Here are three peculiar candy cane flavors that the more daring might want to try this holiday season:

Dill Pickle Flavored Candy Canes. I’m not entirely sure how this idea came to fruition. The description online says that these are meant for those who don’t particularly enjoy sweets. “Christmas can be a difficult time for someone who isn’t that into sweets. If you’re the savory sort, you might prefer the dill tang of our Pickle Candy Canes.” Not only do the candy canes taste like pickles, they also come with festive green stripes.

Gravy Candy Canes! Some people genuinely prefer Thanksgiving to Christmas. Reminisce about that delicious turkey feast whilst taking in the Christmas spirit. Now, I’ve never tried these but I’m not sure peppermint candy canes have too much to worry about.

Wasabi Candy Canes. Let’s be honest. Who hasn’t heard someone complain that their candy canes aren’t spicy enough. Maybe you’re the family prankster and want to trick someone with the green-striped candy. Imagine how disappointed your little sister would be if, while reaching for a delicious pickle-flavored candy cane, she was greeted with a mouthful of horseradish instead.

It’s always fun to spice up boring holiday traditions. I’m sure any of these three flavors would be a hot topic of conversation.

As for me, I’ll stick to “original.” For more candy news, please keep up with our blog. Don’t forget to follow us on Facebook and Twitter. Christmas is coming up! If you need any last minute gifts don’t forget to check out our online store.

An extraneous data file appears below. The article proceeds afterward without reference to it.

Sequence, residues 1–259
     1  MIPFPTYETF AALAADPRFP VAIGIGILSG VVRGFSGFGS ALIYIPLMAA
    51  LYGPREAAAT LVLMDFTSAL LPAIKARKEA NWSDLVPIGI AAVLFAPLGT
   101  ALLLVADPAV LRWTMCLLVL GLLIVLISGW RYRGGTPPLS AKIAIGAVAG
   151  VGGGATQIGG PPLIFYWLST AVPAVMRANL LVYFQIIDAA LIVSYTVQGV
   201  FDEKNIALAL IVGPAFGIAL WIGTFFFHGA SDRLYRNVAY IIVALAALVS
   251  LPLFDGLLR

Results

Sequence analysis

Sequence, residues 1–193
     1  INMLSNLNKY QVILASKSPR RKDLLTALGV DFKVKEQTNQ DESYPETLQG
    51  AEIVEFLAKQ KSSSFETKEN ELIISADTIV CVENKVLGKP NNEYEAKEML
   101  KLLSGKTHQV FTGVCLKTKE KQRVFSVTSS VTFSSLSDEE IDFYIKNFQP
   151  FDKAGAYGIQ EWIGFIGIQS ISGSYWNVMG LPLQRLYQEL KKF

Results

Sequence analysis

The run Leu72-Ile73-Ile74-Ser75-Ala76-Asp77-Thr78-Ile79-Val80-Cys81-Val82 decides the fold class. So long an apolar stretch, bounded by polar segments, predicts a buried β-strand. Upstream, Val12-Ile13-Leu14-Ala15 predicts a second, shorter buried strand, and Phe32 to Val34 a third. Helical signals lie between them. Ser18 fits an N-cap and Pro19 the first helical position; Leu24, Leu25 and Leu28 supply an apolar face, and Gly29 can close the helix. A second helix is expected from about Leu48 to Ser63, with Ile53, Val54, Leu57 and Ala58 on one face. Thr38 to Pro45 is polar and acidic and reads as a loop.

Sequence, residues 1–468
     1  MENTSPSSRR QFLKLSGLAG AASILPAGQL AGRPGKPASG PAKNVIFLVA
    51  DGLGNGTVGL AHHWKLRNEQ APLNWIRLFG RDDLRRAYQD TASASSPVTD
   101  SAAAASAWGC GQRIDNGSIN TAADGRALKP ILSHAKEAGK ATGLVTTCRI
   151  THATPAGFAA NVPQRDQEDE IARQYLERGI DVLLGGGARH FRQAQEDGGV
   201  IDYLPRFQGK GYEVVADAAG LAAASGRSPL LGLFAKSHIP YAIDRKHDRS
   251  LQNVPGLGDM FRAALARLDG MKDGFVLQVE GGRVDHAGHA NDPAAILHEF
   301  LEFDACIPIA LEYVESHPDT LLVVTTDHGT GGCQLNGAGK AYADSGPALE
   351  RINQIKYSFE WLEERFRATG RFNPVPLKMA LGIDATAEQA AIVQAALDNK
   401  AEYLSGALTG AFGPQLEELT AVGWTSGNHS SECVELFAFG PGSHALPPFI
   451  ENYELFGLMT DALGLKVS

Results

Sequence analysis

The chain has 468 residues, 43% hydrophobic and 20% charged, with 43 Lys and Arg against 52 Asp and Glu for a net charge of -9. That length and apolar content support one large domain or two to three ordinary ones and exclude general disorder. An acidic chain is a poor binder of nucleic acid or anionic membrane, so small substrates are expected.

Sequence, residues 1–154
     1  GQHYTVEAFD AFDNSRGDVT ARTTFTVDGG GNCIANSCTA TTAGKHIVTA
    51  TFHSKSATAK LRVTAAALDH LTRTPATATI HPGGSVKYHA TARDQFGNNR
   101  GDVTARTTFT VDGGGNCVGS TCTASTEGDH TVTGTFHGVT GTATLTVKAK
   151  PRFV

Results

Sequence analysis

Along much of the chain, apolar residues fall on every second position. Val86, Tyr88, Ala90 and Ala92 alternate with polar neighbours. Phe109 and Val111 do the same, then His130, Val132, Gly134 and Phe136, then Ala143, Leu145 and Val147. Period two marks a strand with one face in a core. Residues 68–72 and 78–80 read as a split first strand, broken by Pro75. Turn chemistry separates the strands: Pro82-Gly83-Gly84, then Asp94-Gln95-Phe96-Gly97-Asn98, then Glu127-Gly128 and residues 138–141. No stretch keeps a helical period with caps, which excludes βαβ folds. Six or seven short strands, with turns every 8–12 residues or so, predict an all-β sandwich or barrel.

Nestlé’s New Type of Sugar

d8a38c9f-6e3d-4ec5-817a-e6007eff5610-699-000000de56a6c64a_tmpNestle has created an innovative way to reduce the amount of sugar in their candy recipes. “Reformulated sugar” will be used as a substitute sweetener. But what exactly is it?

“It is sugar,” said Nestle’s chief technology officer Stefan Catsicas, “but it is assembled differently so it can disassemble easily in your mouth with less going into your gastrointestinal tract.”

Reformulated sugar allows you to savor the sweetness of the candy without paying for it later.
Casticas compared the two types of sugar to a shoebox. A normal grain of sugar would be like a solid box made of sugar. A reformulated grain would be more like a hollow shoebox.

The new sugar is meant to to cut back the amount of sugar in Nestle’s confectionary line by up to 40%.

Nestle has already mentioned that they will not use reformulated sugar to sweeten soda. Aspartame, an artificial sweetener commonly used in diet sodas, has long been a source of concern for the health-conscious public.